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Myotonic Dystrophy Type 1 with Syringomyelia in a Young Patient.

Byline: Xiao-Lin. Yu, Ru-Zhen. Jia, Pei-Yan. Shan, Chuan-Zhu. Yan, Ai-Fen. Liu

Myotonic dystrophy type 1 (DM1) is the most common disease causing muscle weakness and atrophy in adults.[sup][1] The prevalence of DM1 in China is not clear. DM1 is an autosomal dominant genetic disorder associated with the cytosine-thymine-guanine (CTG) repeat expansion in 3'untranslated region in dystrophia myotonica-protein kinase ( DMPK ) gene on chromosome 19q13.3. In DM1, CTG pathological repeat numbers are more than 50. The size of CTG repeat expansion is associated with the time of clinical phenotypes onset and severity.[sup][1],[2],[3] The coexistence of DM1 and syringomyelia is rare. Here, we report DM1 coexisting with syringomyelia in a Chinese male patient.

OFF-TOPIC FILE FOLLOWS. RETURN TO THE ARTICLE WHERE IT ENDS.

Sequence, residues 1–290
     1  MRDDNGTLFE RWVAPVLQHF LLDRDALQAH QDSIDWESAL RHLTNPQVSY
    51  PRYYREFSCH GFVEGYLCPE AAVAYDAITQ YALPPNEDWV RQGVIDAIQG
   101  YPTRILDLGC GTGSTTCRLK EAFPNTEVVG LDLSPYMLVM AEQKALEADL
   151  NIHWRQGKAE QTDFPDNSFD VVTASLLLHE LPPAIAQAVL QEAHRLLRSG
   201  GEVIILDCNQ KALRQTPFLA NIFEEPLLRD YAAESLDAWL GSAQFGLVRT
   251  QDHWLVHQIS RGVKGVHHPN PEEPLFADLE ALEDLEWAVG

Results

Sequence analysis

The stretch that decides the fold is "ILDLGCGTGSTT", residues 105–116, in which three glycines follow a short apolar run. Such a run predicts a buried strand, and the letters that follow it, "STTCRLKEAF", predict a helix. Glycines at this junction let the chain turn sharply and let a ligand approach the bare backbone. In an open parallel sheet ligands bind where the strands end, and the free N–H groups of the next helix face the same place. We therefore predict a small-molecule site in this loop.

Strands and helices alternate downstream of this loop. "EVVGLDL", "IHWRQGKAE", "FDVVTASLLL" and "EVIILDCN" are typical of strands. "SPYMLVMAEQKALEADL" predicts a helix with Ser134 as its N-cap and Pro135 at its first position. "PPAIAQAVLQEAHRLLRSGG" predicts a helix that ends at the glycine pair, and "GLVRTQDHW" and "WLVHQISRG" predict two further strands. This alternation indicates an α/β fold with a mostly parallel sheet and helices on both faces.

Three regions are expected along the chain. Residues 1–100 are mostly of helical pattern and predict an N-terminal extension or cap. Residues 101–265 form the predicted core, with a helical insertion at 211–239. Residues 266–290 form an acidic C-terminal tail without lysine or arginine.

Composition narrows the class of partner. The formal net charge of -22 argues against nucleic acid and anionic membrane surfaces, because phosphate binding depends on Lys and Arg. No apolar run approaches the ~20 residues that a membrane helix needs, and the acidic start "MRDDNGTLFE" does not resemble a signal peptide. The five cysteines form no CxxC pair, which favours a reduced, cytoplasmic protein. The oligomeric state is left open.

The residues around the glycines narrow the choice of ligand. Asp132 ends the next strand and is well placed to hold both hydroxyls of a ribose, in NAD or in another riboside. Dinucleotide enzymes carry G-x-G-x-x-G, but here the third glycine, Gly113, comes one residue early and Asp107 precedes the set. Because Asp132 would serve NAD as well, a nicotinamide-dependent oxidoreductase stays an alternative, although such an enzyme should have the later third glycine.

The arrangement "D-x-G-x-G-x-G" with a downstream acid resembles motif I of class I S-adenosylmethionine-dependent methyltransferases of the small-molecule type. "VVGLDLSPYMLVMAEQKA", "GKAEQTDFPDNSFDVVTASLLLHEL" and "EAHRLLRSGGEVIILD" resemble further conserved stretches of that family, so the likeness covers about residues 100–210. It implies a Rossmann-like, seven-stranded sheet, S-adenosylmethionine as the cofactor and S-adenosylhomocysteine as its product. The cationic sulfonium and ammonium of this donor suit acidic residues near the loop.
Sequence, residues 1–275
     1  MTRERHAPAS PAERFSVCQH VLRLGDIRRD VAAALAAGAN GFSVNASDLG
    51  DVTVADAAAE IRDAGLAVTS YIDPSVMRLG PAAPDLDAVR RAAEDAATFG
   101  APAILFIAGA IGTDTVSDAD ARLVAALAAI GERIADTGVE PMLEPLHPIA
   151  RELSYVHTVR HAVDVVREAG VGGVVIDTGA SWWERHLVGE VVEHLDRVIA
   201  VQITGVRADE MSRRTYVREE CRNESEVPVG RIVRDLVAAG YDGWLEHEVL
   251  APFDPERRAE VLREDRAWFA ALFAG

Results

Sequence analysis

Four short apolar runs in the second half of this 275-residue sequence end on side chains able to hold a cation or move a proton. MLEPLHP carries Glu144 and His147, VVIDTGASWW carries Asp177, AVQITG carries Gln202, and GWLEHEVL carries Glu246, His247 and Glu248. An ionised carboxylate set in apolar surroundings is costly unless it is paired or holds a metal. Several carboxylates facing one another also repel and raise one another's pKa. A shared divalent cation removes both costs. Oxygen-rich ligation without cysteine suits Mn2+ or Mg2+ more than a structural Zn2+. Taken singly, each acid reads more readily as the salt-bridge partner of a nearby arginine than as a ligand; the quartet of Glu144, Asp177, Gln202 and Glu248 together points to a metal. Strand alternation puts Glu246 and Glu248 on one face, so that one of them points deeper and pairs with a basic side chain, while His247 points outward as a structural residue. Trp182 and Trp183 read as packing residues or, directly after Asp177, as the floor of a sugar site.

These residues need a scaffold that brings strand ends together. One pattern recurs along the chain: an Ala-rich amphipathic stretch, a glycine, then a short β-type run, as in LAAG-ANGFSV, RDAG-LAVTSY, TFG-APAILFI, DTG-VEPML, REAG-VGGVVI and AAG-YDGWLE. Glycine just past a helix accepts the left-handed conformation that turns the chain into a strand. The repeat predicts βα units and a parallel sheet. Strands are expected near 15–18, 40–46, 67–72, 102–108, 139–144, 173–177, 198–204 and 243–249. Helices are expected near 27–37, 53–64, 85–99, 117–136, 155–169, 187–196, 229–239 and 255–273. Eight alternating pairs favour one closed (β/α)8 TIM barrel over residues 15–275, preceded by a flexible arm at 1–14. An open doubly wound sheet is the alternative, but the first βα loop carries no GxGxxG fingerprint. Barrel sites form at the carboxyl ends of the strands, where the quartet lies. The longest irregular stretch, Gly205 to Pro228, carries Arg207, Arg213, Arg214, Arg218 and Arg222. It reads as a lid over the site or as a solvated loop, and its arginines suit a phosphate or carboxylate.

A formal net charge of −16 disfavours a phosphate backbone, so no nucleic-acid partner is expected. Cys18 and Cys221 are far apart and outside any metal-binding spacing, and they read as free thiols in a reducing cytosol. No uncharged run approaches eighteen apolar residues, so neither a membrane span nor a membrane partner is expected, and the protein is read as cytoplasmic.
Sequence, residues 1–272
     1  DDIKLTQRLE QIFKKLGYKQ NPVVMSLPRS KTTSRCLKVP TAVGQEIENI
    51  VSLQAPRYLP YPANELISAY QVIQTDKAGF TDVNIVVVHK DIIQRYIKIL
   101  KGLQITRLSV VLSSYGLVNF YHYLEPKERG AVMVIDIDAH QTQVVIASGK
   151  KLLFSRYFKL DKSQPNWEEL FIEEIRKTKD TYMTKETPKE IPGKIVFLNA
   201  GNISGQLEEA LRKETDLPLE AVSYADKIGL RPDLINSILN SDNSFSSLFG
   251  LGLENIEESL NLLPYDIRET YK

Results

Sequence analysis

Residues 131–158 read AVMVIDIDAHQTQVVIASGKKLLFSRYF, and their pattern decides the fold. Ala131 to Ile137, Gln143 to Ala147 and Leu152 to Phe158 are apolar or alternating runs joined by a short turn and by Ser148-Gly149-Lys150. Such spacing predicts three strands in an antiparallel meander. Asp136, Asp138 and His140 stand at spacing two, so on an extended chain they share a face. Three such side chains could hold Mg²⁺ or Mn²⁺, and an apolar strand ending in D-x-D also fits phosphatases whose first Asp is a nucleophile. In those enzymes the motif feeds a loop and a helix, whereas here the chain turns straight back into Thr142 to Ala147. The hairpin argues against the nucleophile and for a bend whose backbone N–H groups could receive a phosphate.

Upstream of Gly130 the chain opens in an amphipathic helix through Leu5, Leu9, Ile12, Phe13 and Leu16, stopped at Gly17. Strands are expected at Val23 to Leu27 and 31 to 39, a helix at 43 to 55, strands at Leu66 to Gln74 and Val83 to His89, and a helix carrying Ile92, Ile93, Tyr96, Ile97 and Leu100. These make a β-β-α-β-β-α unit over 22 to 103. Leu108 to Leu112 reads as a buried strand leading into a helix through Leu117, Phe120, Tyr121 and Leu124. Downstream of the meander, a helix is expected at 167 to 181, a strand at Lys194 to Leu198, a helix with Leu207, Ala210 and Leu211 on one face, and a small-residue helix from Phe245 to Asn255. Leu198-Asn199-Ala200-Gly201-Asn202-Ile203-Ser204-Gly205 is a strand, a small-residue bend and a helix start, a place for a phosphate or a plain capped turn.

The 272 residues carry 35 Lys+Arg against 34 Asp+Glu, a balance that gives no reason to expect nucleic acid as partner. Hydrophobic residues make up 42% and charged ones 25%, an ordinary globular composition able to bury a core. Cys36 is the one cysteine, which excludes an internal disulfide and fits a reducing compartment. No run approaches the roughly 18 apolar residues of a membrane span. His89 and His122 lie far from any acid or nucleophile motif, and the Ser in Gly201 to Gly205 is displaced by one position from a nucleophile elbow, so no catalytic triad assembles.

A 28-year-old man was admitted in Qilu Hospital of Shandong University in December 2013, who had difficulty in flexing his fingers after hands grip, mainly in cold weather, for more than 10 years. Sometimes, he felt tongue stiff and slurred speech. He was shy and never told above symptoms to any relatives. His mother mentioned that he had progressively walking disability, especially with his right leg during the last 2 years. The patient noticed the right calf thinner than the left calf 1 week ago. He received surgery for right parotid benign tumor 9 years ago. His grandfather died of lung cancer at the age of 59, his father died of gastric cancer at 50, and one uncle died of leukemia at 19. Moreover, his aunt was diagnosed with DM1 after a muscular biopsy at the age of 50. The patient's sister was asymptomatic until now [Figure 1].{Figure 1}